In this case, we are equally likely to need 0 iterations, 1
iteration, 2 iterations , …,
n iterations. So the
iterations are all equally likely and we can use the "fixed bound &
equally probable" special case for loops.
and, after our usual simplifications
And we can then replace the entire loop by `O(n)`.
And now, we add up the complexities in the remaining straight-line sequence, and conclude that the entire algorithm has an average case complexity of O(n) when presented with randomly arranged inputs.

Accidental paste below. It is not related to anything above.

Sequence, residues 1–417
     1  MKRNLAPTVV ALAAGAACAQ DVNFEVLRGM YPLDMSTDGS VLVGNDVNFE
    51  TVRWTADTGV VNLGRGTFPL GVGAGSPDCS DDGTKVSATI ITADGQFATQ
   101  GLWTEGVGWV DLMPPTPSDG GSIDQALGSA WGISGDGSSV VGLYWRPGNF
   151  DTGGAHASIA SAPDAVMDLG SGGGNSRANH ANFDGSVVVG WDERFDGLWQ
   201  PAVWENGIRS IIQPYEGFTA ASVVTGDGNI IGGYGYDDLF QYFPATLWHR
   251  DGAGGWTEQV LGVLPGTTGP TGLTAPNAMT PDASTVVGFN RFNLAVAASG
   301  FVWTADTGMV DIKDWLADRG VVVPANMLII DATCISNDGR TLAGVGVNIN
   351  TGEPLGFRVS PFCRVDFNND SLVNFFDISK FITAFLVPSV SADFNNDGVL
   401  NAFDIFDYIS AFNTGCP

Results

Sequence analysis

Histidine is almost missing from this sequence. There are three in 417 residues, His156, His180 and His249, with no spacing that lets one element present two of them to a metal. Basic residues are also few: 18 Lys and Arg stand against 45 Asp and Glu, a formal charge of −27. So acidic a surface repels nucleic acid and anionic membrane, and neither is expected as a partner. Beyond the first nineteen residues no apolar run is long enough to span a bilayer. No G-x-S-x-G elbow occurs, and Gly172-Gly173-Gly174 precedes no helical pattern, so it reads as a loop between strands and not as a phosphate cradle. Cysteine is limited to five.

This is the same result we had for the worst case analysis. That's not unusual.
Under similar randomly arranged inputs, the average case complexity of ordered search is O(n) and the average case complexity of binary search is O(log n) Again, these are the same as their worst-case complexities.